3 Inspired Rules for Curating Great Swag Bags

Swag bags are a good idea for event planners, for sponsors, and for attendees. Why? Ask any kid leaving a birthday party, and they’ll tell you: “Because gifts are cool.” As adults, we figure out what “cool” means; we know that goodie bags, or swag bags, leave attendees with a feeling of value. They’re a great way to show people you appreciated their presence at your event, but swag bags have this effect only if they are done correctly. In this article we’ll be looking at some of the most opulent and thoughtful swag bags around to find out what makes a great gift bag – at any price.

The Inspiration: The Oscar Swag Bag

Valued at more than $60,000, this year’s Oscar nominees took home what is undoubtedly the King of Goodie Bags. Each year the contents of the bag differ, but they usually include vacations, promotions for free parties (this year’s bag included a party for up to 100 guests in any location, with any drink menu, valued at more than $15,000), as well as quirky items (i.e. hand sanitizer blinged out with a Swarovski case, literally inhalable dessert, and free blowouts for a year). Lash Fary, founder of Distinctive Assets, an L.A. – based marketing firm, has helped curate the Oscar swag bags for over 13 years and offers the following advice:

Rule 1: Help attendees shop for items they might not usually buy.

This doesn’t mean you have to be Academy – Award-lavish about your swag bags. A great way to help participants get their hands on items that they may have never thought of buying is to bring them to the cutting edge. We’ve mentioned this before, but it is a great way to incorporate the newest tech into your goodie bag at a variety of price points, shop for swag on Kickstarter and/or Fab.com.

The Inspiration: The TED Global 2010 Swag Bag

TED conferences are known for giving out some killer goodie bags. The 2010 Global Conference was no exception. The special edition bag (made from finest woolen Irish and Scottish textiles) was chock full of useful, quality items, including an umbrella (to keep people dry in the rainy English weather), an Inklet trackpad, an SIM card, Rhodia notebooks as well as some informative and interesting DVDs from the BBC.

Rule 2: Choose quality and utility over quantity.

If attendees are more likely to chuck your gifts into the bin than to read/wear/write with/or otherwise use them, skip it. Keeping quality in mind, a useful book or quality sweater will do a lot more for attendees than several junky gifts. As this Hubspot article points out your attendees do not need more keychains, crummy pens, paper weights, or USB drives. For a more detailed outline of what good swag looks and feels like to attendees, check out this recent article from New York Time bestseller, Chester Elton.

BONUS: A simple way to add perceived quality to a goodie bag is to make sure that all the design elements are consistent. And to ensure utility of your swag bag is to treat it like a first-aid kit for your event. If your event is outdoors, for example, sunglasses, sunscreen, even a parasol/umbrella are great ideas. Naturally, beware of adding chocolates and malty snacks to a bag in hot weather. This is the only epic fail to involve chocolate in the known universe.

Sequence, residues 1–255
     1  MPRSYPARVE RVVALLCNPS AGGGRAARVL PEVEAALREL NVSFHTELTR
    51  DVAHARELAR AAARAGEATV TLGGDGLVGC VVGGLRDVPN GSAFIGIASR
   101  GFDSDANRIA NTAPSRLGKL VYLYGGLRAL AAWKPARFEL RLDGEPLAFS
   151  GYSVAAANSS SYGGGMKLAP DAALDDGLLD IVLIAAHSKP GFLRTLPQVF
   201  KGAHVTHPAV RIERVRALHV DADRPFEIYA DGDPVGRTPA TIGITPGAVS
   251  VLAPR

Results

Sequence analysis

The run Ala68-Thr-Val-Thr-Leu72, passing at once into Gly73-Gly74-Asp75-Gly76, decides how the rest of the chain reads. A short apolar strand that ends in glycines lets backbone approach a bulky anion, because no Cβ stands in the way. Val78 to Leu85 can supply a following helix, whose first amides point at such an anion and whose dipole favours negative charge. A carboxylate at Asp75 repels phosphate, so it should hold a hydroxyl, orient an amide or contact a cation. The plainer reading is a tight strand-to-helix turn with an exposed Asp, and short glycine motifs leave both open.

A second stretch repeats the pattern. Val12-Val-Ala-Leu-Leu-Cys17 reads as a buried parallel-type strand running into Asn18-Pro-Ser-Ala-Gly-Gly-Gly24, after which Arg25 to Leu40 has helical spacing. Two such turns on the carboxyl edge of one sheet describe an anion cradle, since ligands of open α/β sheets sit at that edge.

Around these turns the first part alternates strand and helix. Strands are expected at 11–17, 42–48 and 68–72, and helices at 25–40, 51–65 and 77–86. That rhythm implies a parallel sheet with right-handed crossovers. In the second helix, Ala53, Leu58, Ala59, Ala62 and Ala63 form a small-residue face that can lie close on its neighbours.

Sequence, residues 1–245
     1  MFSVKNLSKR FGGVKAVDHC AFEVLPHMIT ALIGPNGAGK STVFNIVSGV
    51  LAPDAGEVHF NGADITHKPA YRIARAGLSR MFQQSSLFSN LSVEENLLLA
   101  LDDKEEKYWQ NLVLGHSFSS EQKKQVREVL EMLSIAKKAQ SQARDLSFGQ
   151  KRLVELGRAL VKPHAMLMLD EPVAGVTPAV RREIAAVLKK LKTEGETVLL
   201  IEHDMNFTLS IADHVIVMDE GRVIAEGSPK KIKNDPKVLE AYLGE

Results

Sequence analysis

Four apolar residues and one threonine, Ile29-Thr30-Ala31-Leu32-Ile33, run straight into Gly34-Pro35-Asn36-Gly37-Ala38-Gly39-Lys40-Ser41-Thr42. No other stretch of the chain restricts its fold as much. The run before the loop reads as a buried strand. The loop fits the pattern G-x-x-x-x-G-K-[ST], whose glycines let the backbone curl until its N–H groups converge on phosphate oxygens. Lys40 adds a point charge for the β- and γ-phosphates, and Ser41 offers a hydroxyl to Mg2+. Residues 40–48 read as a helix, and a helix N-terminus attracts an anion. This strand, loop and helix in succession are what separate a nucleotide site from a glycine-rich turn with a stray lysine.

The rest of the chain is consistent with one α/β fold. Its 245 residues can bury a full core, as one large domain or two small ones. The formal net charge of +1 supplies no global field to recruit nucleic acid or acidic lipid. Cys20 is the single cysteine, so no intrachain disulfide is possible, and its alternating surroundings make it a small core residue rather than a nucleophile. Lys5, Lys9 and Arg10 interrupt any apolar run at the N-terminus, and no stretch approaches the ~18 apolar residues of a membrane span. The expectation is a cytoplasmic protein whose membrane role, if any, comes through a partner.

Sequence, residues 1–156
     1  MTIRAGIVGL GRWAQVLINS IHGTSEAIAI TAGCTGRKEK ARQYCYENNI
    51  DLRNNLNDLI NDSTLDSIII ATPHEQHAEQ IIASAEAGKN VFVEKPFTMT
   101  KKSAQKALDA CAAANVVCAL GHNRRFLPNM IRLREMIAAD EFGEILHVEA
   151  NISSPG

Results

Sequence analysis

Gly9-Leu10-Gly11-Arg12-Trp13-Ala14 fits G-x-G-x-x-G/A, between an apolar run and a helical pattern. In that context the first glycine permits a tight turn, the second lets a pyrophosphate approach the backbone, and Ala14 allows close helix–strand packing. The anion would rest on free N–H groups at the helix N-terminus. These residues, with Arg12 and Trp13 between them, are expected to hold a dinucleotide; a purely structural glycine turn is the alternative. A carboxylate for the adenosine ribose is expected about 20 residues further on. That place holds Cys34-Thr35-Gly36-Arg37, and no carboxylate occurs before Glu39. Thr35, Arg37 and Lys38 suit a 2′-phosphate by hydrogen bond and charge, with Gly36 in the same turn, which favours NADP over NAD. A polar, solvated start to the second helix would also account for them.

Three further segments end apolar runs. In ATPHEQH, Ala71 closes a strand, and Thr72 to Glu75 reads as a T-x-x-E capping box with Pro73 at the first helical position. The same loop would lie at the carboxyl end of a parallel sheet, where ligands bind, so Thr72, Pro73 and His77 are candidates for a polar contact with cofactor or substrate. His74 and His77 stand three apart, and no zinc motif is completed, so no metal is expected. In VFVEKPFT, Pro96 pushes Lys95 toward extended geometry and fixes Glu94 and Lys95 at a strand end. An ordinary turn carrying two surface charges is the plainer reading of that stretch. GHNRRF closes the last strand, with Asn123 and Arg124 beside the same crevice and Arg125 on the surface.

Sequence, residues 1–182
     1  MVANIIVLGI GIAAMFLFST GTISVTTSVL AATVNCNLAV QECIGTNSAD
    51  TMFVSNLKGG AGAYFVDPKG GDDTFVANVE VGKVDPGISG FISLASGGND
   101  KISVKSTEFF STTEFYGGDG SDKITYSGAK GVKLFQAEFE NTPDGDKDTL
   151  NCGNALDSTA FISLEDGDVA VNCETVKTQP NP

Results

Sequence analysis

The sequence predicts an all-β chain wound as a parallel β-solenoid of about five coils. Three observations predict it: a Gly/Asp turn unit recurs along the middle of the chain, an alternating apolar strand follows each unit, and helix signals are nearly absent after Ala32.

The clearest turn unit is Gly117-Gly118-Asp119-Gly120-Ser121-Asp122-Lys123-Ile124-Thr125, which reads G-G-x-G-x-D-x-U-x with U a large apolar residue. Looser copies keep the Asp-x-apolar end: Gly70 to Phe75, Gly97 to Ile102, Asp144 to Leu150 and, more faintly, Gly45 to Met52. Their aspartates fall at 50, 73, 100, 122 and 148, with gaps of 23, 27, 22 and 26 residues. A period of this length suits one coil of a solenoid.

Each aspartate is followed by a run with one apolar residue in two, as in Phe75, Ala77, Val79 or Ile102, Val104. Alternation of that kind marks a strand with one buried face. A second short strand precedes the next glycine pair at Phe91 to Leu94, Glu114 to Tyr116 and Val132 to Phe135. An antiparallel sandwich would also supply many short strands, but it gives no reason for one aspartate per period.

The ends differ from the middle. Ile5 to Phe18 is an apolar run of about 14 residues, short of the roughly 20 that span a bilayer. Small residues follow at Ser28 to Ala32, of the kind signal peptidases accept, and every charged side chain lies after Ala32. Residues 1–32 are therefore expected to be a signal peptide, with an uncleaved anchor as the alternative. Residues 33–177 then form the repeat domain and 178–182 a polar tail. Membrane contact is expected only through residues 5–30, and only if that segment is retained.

The Inspiration: The TEDActive 2012 Swag Bag

The TEDActive bag last year, however, had a neat twist. The Jack Spade bag was stuffed with not only practical gifts like nice pens, notebooks, and a stylus, but it also contained a lot of fun and creativity, including a Radio Flyer scooter, a one-year membership to Lynda, and a Quarterly.co gift card (a cool service that sends you unique curated items in the mail from influential contributors of your choice. The gifts in this bag really seemed to be geared toward creativity and fun, which leads us to rule three.

Rule 3: Seek out gifts that inspire.

Whether it be inspiring play, fun, creativity, ideas or learning, giving the gift of ongoing inspiration goes a long way to helping attendees feel cared for and appreciated. Beware, sponsors will sometimes want to stuff your gift bag with advertisements and promotions. Make sure you keep a balance between relevant sponsor materials and unique, inspiring gifts that encourage growth and happiness.

If you need a little more help finding such goodies, we recommend giving attendees things like a membership to Luminosity (brain training on-the-go), subscriptions to these mind-mapping tools, or a copy of Disciplined Dreaming: A Proven System to Drive Breakthrough Creativity (a highly-rated book by Josh Linkner on how to integrate more creativity into even the most corporate of environments).

Gifts can either leave a lasting, positive impression on event attendees or they fall flat – leaving participants feeling bored, unappreciated, or annoyed. To ensure your bag is on the right track, ask yourself: is this something I would give to myself or to someone I care about? These three rules will guide you to swag bag greatness, no matter the budget.

What tips would you add for creating amazing goodie bags for events?

P.S. If you would like to read about Bad Swag Bag examples and the rules for what not to do, leave us a comment!